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Economist: Foreclosures could hit bottom in 2019

Foreclosures have been declining for years, and mortgage delinquencies hit an 18-year low this past October, but CoreLogic Chief Economist Frank Nothaft says 2019 likely won’t be the year when mortgage performance takes a turn for the worse.

“All the ingredients are there for continuing to promote low delinquency rates and to push them [delinquencies/foreclosures] a little bit lower in the next year,” Nothaft told Scotsman Guide News.

foreclosure“I think it is close to the low, but I think it will probably go a little bit lower in 2019," he added.

The national 30-day delinquency rate stood at 4.1 percent as of this past October, down 1 percentage point year over year and the lowest level for an October in at least 18 years, CoreLogic reported this week.

The foreclosure inventory rate, or the percentage of properties in some stage of foreclosure, was 0.5 percent in October, which has remained steady since this past April.It was also the lowest rate for an October since 2005.

Nothaft said the near 50-year low in national unemployment and a healthy boost in incomes bodes well for solid mortgage performance in 2019. Also, after years of robust home-price growth, homeowners have record levels of home equity at their disposal to tap should they lose their jobs or run into financial difficulties this year. Nothaft also said mortgage underwriting has remained disciplined throughout the recovery.

“Underwriting is much more prudent today than it was back in 2004-06 when we had the bubble,” Nothaft said. “That prudence reflects the fact that we basically don’t have subprime mortgage lenders. We don’t have no-doc liar loans anymore. Everything is pretty much full doc and prime borrowers. That is a big change from ‘04-‘06.”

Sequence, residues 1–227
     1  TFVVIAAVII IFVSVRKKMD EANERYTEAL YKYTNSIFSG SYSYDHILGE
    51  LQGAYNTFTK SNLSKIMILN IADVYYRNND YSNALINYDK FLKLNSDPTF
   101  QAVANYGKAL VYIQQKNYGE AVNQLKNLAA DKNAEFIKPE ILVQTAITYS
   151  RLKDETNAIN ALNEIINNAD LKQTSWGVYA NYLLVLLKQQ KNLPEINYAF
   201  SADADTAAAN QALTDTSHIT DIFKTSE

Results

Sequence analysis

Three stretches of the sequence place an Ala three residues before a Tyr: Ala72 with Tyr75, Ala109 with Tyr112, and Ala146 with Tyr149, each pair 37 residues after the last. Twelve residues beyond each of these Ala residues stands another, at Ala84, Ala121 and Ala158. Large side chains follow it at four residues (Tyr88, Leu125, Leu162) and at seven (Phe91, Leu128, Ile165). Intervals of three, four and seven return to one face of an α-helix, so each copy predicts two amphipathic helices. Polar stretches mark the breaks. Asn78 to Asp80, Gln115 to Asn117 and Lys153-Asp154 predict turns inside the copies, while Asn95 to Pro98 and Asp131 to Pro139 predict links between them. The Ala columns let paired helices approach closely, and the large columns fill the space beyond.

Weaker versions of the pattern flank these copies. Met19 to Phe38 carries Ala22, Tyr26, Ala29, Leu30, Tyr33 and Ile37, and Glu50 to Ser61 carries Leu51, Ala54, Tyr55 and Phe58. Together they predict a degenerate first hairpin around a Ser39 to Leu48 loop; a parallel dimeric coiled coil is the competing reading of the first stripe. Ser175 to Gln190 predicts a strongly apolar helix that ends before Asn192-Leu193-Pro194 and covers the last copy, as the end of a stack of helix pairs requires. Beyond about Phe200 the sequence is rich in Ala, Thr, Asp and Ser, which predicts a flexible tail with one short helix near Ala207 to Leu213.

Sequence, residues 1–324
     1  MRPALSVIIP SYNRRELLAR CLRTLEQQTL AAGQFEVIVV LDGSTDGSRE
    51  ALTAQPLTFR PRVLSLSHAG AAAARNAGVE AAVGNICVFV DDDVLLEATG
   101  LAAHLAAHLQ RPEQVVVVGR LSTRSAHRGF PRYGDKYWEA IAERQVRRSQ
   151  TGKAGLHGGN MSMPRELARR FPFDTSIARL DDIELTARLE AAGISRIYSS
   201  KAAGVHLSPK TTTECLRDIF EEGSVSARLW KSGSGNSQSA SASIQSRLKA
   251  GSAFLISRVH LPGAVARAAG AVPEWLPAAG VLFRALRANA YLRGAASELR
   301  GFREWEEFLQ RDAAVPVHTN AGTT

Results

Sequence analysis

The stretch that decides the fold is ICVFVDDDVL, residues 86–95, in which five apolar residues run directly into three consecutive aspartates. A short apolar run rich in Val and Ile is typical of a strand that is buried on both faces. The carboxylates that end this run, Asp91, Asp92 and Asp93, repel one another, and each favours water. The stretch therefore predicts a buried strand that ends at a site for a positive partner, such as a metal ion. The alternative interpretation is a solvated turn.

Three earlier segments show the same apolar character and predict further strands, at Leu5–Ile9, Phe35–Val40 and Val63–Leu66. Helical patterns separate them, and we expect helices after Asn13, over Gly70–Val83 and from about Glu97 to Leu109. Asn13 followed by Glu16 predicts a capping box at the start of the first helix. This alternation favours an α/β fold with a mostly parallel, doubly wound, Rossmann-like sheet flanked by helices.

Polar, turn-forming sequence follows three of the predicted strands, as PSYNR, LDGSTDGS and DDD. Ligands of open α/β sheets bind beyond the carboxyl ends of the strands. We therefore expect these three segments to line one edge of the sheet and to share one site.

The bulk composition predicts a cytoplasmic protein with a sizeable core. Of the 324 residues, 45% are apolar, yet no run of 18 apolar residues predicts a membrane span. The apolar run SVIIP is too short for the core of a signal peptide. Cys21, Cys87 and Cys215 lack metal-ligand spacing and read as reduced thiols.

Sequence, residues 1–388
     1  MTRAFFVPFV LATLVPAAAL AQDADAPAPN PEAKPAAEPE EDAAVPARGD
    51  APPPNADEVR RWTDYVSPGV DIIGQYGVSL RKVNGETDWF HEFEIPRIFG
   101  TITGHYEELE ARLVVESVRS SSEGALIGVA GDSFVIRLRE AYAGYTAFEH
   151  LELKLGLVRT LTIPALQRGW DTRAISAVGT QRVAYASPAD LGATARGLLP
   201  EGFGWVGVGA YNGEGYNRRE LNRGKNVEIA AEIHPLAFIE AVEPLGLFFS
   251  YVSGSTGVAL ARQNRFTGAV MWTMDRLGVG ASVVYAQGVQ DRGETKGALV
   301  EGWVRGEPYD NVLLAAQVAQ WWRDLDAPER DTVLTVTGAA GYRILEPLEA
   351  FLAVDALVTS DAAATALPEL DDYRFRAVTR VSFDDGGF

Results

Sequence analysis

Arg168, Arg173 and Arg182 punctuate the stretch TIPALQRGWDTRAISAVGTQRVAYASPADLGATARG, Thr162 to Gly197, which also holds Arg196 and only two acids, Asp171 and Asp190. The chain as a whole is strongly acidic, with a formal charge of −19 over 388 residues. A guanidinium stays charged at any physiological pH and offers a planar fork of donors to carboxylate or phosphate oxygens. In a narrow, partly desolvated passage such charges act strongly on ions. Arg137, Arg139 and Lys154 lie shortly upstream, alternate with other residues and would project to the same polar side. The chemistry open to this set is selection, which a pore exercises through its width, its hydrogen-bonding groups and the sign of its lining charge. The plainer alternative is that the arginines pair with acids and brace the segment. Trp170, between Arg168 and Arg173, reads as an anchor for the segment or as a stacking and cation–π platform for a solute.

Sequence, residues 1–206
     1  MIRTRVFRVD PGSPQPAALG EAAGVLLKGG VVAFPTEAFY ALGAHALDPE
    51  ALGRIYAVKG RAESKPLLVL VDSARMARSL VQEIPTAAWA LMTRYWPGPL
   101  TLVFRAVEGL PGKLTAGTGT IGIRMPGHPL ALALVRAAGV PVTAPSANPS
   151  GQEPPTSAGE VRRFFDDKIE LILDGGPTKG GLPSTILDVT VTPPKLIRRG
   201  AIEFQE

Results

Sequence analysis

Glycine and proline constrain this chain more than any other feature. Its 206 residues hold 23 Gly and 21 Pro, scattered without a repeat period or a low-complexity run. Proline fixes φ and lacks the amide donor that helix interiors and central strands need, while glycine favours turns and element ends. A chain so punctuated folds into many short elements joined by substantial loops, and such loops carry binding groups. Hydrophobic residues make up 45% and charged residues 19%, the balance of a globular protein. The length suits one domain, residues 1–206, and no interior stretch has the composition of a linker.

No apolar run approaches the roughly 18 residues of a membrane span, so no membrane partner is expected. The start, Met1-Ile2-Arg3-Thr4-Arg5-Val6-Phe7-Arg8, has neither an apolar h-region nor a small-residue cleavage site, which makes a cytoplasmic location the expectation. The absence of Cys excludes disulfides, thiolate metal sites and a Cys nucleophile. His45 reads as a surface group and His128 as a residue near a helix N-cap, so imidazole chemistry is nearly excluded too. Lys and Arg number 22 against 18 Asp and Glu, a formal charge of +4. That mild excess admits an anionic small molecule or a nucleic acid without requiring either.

Nothaft said that while most areas have seen delinquencies and foreclosures fall, there are exceptions. North Dakota was the only state that didn't post an annual decline in delinquencies as of October, which may be linked to lower oil prices.  

“The oil in North Dakota is mined out of the shale, which is more expensive to produce than just pumping it out of the ground.That means you need a higher level of oil prices in order to make that economical,” Nothaft said. “There have been cutbacks and layoffs in the oil-production fields in North Dakota. Unemployment is still relatively low in North Dakota, but it has gone up a tick. The decline in employment has manifested itself in terms of the increase in the delinquency rate.”

Nothaft said communities affected by natural disasters, particularly the hurricanes in Florida and the Carolinas and wildfires in California, saw a surge this fall in delinquencies.

“Even though nationally the picture looks good, there are isolated pockets across the U.S. that have been hurt by a weakening local economy, like North Dakota, or because of natural disasters and dislocated families, and businesses,” he said.

Nothaft also said that while record levels of home equity will help many people weather the next downturn, the mortgage market isn’t recession proof.

“There will be an increase in foreclosure, most likely from those people who purchased in the last year or so or took out mortgages in the last year, Nothaft said. “More recent buyers haven’t had the opportunity to build a lot of equity through price growth because they have owned their home for such a short period of time. There will be an uptick in foreclosure and delinquency, but not like what we saw during the Great Recession.” 


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